|WHAT HAPPENED TO GOODBYE|
Viking Penguin Young Readers Group
So you see, there's a huge bias here. That said, though this isn't my typical review, I want to at least mention What Happened to Goodbye for those readers who don't know what it's about or simply want to know more about it. Dessen fans are very familiar with her writing style and type of stories and her latest novel is no exception to the rule. This time around we're introduced to Mclean Sweet, named after her dad's favorite basketball coach. Since her parents' bizarre and painful divorce (her mom had an affair with a man her dad greatly admired and respected -- the new coach of his favorite team), Mclean has lived in four towns in the past two years, moving around with her dad, a restaurant consultant. At each new town she adopts a new name (any version of Elizabeth, her middle name) and with the name comes an identity.
In Lakeview she plans to be Liz. But one way or another, the new name/identity combo never really happens and she ends up Mclean -- a girl she hasn't been in years, a girl she doesn't even know how to be anymore. And Mclean meets people -- the boy next door (Dave, who I totally love) and his friends Riley and Heather, along with Deb (who I also totally love -- seriously one of my favorite of Dessen's characters ever). For the first time she has people she doesn't want to leave.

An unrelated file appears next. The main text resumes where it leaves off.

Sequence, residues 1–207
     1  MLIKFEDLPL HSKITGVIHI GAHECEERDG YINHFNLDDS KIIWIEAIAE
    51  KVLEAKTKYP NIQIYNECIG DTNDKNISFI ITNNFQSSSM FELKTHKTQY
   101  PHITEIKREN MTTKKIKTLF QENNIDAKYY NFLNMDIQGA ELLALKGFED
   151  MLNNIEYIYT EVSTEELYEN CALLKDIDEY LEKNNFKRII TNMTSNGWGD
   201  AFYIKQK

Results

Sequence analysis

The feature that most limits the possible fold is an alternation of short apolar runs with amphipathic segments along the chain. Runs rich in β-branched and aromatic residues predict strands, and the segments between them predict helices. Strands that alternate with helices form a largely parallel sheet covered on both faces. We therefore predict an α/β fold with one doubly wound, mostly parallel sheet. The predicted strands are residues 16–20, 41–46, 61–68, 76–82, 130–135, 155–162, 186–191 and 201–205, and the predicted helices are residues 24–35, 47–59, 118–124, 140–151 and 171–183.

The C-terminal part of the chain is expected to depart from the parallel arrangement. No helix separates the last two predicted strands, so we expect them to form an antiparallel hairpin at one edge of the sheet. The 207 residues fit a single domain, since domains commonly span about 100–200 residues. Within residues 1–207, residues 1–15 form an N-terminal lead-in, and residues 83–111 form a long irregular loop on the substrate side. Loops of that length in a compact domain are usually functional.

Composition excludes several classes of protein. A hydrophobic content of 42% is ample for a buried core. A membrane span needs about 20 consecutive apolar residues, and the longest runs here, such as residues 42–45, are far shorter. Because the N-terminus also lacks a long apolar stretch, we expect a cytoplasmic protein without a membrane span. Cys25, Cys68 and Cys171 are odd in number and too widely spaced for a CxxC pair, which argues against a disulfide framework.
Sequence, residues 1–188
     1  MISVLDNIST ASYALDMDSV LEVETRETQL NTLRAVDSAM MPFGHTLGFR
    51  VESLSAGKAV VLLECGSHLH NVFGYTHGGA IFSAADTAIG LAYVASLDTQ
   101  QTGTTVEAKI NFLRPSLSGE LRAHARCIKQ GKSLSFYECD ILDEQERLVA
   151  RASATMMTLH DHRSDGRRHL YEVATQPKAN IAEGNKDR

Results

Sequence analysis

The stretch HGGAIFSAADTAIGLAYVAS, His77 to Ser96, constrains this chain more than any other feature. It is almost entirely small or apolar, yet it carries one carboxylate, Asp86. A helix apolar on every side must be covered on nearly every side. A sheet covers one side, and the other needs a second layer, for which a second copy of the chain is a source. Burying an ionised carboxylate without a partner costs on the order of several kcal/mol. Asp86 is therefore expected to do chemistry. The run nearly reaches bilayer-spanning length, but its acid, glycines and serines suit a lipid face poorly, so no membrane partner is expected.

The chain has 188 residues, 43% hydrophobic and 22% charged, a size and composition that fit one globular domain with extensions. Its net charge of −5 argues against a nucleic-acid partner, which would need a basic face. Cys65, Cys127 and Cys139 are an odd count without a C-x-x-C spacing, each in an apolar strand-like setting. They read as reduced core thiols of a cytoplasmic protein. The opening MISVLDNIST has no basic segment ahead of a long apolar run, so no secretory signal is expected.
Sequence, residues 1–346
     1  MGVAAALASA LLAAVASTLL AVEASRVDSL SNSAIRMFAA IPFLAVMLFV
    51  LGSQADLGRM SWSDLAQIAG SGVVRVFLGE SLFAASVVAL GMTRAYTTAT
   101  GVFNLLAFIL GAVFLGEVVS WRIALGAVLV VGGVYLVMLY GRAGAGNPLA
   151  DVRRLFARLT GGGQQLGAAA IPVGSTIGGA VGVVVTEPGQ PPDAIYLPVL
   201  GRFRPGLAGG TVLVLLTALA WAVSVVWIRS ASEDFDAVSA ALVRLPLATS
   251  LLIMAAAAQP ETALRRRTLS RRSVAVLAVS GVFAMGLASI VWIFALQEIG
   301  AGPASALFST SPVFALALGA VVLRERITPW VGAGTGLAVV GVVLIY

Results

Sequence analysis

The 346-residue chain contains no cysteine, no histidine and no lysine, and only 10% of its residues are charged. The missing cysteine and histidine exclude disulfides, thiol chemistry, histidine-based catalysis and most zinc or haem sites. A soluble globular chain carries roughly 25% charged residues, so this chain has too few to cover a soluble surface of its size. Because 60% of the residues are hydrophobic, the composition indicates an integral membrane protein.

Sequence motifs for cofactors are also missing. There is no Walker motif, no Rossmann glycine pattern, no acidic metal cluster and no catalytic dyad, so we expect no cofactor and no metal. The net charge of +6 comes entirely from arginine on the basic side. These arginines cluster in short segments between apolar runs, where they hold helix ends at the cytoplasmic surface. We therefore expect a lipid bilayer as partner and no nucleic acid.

Mclean's rocky relationship with her mother is one of the best parts of the book and I loved every scene with the two of them, especially the ones in the last third of the book. This novel has been compared to The Truth About Forever by many and while this is especially true because Jason (!!!) is a character in both novels, but for me What Happened to Goodbye is more comparable to This Lullaby because of Mclean's wandering nature and reluctance to put down roots (though she's definitely more low-key than This Lullaby's Remy).
Bottom line: fans of Sarah Dessen are going to want to read this one. It's cozy and comfortable, like wearing your favorite sweater. But for those who haven't read one of her novels or aren't fans, this is a slow-moving, quiet novel and maybe not the best of hers to start with.